Pantheon members themselves batted down the Jund Monsters menace, but I don’t think there was much Jund Monsters around. Instead it seems that the Jund
Planeswalkers deck was more successful.

Here are the two lists of Jund Planeswalkers that made Top 8 of the tournament:

Their colors are the same, and their strategies are the same, but the difference between playing four copies of Nissa, Worldwaker and zero is probably
pretty palpable. Admittedly, my own experience with Nissa has been limited to some sealed deck and some draft preparation for GP Portland, but she is

As I’ve written several times before, until the October rotation banishes it to languish in the land of Modern, Lifebane Zombie is perhaps the best single
thing you can do in the format and what always pushes me towards wanting to play Mono-Black Devotion. The reason I mention this now is because this
archetype doesn’t play anything that the Zombie can really aim for. In a normal game, a Lifebane Zombie can usually snatch a Polukranos from your
opponent’s hand because that’s just how the cards are costed. This deck avoids the problem by playing no targets that cost more than the zombie, and
instead, in this case, makes great use of Nissa, Worldwaker as sort of a big green creature that can’t be Lifebane Zombied.

Fundamentally, the strategy employed by both decks is the same: simply grind the opponent down to a nub. The rest of the (non-planeswalker) cards are mana,
disruption, and removal to support the strategy, and it works. The biggest difference between the two decks is the inclusion of Nissa versus the inclusion
of Read the Bones. I’m assuming that Yuuki tested a lot, and not that Pierre didn’t, but his list looks a lot less innovative. One thing that is very
interesting to me is that–as was mentioned in the coverage–most of these planeswalkers essentially have no ultimate for the purposes of this type of
deck. Vraska can make assassins, but Xenagos and Chandra are sort of blank here. Nissa, however, is the exception, with her ultimate most likely winning
the game more often than not.

Ordinarily, I’d want additional copies of Rakdos’s Return to “ramp out” with Xenagos, but the lack of creatures makes that slightly less likely to happen.
Overall, I’m left wondering if this deck plays Mono-Black Devotion’s game better than Mono-Black Devotion does. Right now, I’m leaning towards yes.
Underworld Connections has been Black’s go-to source of card advantage since the deck debuted, and while Pack Rat is a great card, between Bile Blight,
Mizzium Mortars, and a slew of instant speed wraths, it isn’t as impressive as it must have originally been. But with just Underworld Connections to draw
from for repeated card advantage, it would be pretty easy to compete by simply overloading on planeswalkers. Each one essentially simulates the effect of
connections, not necessarily granting you a physical card but often drawing a “card” one way or another each turn. Planeswalkers are, of course, more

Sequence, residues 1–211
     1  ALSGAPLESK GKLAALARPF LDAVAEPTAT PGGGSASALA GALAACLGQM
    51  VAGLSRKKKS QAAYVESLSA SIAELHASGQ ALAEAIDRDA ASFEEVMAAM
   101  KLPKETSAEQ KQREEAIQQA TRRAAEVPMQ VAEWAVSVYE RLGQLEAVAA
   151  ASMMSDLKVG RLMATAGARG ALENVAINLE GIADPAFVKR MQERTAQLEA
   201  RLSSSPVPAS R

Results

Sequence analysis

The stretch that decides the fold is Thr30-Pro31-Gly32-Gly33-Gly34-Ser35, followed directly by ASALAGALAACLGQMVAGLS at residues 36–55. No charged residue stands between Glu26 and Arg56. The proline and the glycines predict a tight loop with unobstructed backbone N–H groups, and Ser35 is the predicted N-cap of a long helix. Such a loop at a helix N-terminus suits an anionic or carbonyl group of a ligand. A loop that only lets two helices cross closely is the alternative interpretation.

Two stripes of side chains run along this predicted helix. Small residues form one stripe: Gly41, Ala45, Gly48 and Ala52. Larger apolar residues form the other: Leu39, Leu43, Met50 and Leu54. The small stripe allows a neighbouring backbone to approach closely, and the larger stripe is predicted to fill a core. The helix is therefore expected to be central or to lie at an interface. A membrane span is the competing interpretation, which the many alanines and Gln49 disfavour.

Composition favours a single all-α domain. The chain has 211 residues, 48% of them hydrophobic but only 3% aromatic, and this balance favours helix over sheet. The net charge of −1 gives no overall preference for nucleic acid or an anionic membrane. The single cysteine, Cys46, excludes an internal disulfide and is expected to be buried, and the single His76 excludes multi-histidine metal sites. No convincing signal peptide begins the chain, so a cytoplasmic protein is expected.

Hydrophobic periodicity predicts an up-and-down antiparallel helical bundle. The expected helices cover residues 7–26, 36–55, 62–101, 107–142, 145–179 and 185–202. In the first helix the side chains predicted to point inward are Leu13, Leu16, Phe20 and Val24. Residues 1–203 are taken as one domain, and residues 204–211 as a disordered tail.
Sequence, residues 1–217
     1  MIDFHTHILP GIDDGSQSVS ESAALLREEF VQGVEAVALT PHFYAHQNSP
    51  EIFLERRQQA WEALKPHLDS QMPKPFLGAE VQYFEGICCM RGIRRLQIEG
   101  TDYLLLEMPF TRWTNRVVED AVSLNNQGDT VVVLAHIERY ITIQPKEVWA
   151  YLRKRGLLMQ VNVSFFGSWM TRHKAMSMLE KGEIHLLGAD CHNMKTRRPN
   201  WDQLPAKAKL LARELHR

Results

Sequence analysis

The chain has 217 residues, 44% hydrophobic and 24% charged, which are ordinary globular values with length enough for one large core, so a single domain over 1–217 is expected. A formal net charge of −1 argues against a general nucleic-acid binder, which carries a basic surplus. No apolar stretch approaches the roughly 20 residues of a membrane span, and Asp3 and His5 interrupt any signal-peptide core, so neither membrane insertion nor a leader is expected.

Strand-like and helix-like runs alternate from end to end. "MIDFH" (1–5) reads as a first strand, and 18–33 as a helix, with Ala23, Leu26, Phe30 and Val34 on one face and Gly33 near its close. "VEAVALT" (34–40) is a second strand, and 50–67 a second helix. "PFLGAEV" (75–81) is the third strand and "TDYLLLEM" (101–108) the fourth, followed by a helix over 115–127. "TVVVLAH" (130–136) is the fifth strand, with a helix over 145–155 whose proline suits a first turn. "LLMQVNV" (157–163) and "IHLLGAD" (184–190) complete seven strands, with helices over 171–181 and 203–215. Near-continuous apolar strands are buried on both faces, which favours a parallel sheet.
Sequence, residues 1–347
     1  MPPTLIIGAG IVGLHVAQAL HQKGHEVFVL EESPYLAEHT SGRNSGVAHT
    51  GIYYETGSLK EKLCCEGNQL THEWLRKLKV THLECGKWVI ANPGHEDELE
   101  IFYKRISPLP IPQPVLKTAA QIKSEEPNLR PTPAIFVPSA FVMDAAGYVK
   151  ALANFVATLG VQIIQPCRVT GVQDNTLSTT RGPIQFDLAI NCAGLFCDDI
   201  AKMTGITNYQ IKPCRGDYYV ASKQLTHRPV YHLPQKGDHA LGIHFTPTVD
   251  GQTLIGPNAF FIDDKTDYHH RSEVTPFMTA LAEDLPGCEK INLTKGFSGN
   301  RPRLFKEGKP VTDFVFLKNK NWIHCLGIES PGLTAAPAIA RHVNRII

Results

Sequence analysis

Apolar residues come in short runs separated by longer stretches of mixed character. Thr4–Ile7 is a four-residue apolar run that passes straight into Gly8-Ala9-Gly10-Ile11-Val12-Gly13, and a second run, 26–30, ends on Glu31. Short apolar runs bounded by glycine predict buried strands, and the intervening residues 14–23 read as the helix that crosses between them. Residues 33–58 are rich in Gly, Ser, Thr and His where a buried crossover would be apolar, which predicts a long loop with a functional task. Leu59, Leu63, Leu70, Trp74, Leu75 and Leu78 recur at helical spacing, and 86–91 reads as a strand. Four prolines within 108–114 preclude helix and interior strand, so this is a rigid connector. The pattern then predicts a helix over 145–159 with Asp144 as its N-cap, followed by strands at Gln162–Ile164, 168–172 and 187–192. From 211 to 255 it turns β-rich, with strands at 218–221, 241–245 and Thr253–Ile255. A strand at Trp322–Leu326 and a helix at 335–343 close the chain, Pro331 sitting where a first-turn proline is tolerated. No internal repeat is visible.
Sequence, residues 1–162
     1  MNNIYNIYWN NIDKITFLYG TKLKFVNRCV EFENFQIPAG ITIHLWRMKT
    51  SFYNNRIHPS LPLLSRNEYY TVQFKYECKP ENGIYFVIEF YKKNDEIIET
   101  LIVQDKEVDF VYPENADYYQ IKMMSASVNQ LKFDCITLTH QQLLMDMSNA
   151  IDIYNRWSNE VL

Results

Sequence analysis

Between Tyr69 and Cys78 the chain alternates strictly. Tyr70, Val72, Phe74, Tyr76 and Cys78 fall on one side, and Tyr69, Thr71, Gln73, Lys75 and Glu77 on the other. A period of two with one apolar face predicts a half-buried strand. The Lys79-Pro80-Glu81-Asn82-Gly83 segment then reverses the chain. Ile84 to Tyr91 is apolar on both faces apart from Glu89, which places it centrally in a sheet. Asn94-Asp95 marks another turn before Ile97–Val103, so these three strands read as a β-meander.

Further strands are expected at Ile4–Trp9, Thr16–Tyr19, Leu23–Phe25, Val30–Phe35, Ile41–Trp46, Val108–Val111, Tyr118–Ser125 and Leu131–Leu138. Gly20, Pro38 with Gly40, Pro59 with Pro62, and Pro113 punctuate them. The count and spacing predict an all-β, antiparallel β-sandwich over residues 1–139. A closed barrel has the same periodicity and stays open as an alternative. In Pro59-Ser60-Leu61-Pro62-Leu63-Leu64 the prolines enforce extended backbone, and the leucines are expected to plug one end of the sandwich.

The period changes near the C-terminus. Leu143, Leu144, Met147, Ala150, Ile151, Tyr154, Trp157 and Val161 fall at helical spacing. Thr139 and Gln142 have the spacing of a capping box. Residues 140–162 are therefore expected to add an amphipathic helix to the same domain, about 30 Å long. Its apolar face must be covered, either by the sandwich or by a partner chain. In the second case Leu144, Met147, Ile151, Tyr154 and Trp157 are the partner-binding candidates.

vulnerable than Underworld Connections is, but since Connections is no longer safe in light of Banishing Light and Abrupt Decay being easily splashed into
decks, I see no real edge to simply relying on Connections, especially if you’re going to abandon Gray Merchant of Asphodel (which will be very difficult
for me if I can do it at all).

Had Jackson Cunningham not played spoiler, I really do wonder if we would have seen a different champion altogether. That being said, perhaps Jund Walkers
cannot be the best deck in the format if G/W Aggro is a major player in the Standard scene.

This deck in various forms has seen some success of late, especially in the hands of Andrew Boswell at the Open Series in Baltimore and Scott Lipp at the
Open Series in Kansas City. This deck is not new, and it’s pretty similar to Pat Cox’s deck:

Frankly, I don’t know what to think. The decks play such similar cards, but Cox’s seems much more explosive. The cost of this is playing a third color
worth of mana. Jackson plays sixteen basic lands and Pat plays zero, so obviously against other aggro decks, assuming both players can cast their
spells, Pat is going to be at a lower life total from the get-go just by trying to cast his spells and playing his shocklands untapped. I like Boon Satyr a
lot as a card, but with Golgari Charm playing spoiler I think the Satyr will have to wait for its time to shine.

I suppose I am a bit biased, since Ajani, Caller of the Pride has been giving me fits in both Limited and Standard since it was introduced. The card wins
games, there’s no two ways about it. The fact that both decks play Ajani makes me want to give the slight edge to Cox’s three-color deck because Rampager
synergizes so well with it. Ajani already has a huge bullseye on it, but the combo of Ajani + Rampager is only five mana, which I think is doable, though
perhaps not reliably so with only twenty-two lands. I’d like to know who wins between Brave Naya and Jund Walkers; perhaps that’s something for me to test
before the Season Three Invitational.

Originally I had wanted to write that I favor playing Advent of the Wurm, but given the position of Abrupt Decay and Azorius Charm in the format, I don’t
think I like it. The card is great, and it traditionally matches up very well against a sorcery-speed control deck (such as a traditional U/W Control deck
sans Quicken), but with access to four Quicken and four Azorius Charm, Advent seems weak right now.

That leaves us with two lists to look at, let’s start with Ivan Floch’s UW “Do Nothing” Control deck. Why do I call it that? Well, it should be obvious:

While watching the coverage, Ivan was featured numerous times, first making his run to Top 8 and then finally winning all of his elimination matches and
smiling when being crowned champion. He played conservatively but well, and as far as I can tell he always maxed out his Revelations. One turn sticks out
in my mind where he had to play an Elixir of Immortality from his hand to protect it from a potentially disastrous Thoughtseize. Now he essentially had an
Emrakul’s worth of mana but still played with the robotic precision required to maximize his deck’s strategy. Watching him, I thought I’d have Sphinx’s